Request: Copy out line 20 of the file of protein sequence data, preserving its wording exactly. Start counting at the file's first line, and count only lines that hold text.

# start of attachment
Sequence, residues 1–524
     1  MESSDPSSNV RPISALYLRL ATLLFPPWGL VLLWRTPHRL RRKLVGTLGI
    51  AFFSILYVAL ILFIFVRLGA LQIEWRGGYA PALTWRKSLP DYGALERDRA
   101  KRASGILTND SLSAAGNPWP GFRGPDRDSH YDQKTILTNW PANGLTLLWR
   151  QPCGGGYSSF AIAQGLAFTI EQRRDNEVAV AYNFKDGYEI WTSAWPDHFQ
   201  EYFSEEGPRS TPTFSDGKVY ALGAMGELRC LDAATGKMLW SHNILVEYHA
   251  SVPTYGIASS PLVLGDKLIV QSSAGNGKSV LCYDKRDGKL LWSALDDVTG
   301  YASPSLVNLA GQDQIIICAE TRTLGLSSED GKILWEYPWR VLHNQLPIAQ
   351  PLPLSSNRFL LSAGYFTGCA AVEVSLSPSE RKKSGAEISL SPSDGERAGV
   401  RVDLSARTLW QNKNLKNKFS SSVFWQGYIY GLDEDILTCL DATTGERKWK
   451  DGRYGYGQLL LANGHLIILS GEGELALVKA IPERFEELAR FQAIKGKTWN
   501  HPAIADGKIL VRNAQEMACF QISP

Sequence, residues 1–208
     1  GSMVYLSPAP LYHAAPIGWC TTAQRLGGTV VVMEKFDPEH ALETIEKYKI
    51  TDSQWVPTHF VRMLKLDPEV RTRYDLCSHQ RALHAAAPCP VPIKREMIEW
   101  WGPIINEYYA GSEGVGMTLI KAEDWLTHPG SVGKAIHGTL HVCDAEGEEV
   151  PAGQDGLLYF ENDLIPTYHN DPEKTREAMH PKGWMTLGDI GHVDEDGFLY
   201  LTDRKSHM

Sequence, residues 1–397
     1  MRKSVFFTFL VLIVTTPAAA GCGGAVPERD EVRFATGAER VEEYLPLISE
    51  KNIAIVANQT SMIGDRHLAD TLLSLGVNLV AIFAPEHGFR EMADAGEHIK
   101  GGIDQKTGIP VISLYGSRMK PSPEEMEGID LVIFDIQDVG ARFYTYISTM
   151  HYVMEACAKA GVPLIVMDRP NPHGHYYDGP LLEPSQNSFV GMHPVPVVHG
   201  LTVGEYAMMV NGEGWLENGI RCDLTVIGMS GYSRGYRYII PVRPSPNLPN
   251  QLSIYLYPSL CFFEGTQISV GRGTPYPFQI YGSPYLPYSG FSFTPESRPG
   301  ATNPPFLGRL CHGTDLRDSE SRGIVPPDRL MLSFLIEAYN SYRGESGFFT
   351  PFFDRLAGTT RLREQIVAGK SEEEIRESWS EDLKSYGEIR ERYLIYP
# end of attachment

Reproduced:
     1  MRKSVFFTFL VLIVTTPAAA GCGGAVPERD EVRFATGAER VEEYLPLISE